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Reactions in Alabama to the U.S. Supreme Court ruling and to the marriages of same-sex couples:

Alabama Attorney General Luther Strange said:

"I regret the Supreme Court’s decision not to stay the Federal District Court’s ruling until the high court finally settles the issue this summer. In the absence of a stay, there will likely be more confusion in the coming months leading up to the Supreme Court’s anticipated [nationwide] ruling on the legality of same-sex marriage." 4

It is unclear what will generate confusion during the next few months. There certainly has been confusion in the recent past as the state exhausted all its options to stop marriage equality. But it was generated largely by Attorney General Strange himself in his multiple legal attempts to prevent same-sex couples from marrying. Many happy, loving, committed couples are now married and are enjoying the federal and state benefits, protections, security, and status of married life for themselves and their children. Many more will undoubtedly marry in the next few months.

The U.S. Supreme Court is expected to issue its ruling during late June or early July in the case involving SSMs in four contiguous states: Kentucky, Michigan, Ohio, and Tennessee. It is possible -- perhaps probable -- that the Court will decide that all bans on same-sex marriage are unconstitutional and that every state must practice marriage equality. Alternately, the high court could conceivably decide that no American has the right to marry a person of the same sex; they might forcibly divorce all married same-sex couples. But these alternatives are something for same-sex couples to be concerned -- not confused -- about.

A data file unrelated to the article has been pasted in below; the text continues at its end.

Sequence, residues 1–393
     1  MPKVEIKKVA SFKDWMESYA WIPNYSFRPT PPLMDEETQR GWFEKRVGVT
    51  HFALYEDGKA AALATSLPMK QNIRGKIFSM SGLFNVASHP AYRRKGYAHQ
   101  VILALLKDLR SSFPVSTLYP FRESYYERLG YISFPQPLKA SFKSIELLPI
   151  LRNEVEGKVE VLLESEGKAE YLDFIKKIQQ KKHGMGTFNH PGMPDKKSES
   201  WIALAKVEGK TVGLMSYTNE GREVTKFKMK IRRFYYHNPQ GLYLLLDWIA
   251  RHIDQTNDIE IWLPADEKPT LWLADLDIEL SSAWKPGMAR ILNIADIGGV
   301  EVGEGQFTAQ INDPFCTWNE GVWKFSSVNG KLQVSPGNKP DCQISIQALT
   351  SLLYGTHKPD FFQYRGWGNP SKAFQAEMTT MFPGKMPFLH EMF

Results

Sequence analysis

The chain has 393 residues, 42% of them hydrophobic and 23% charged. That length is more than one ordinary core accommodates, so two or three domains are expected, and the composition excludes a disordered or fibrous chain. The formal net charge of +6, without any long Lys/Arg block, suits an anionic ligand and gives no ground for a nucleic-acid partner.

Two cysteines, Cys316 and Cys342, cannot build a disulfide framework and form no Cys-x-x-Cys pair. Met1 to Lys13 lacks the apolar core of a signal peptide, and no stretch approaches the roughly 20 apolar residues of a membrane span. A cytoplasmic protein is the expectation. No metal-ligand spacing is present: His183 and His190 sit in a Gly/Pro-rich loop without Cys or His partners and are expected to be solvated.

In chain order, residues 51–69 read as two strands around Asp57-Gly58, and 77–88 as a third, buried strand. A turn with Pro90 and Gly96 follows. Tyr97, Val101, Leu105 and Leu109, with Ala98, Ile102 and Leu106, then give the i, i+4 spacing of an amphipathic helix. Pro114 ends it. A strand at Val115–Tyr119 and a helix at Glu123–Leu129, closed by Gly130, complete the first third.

Governor Robert Bentley (R) issued a statement complaining about what he called the high court's:

"cavalier attitude towards the states ... This issue has created confusion with conflicting direction for probate judges in Alabama. Probate judges have a unique responsibility in our state, and I support them. ... I will not take any action against probate judges, which would only serve to further complicate this issue. ... We will follow the rule of law in Alabama, and allow the issue of same-sex marriage to be worked out through the proper legal channels." 5,6

Judge Alan L. King of Probate Court in Jefferson County commented on his thought process leading to his decision to defy Chief Justice Moore's order and issue marriage licenses to same-sex couples. He said: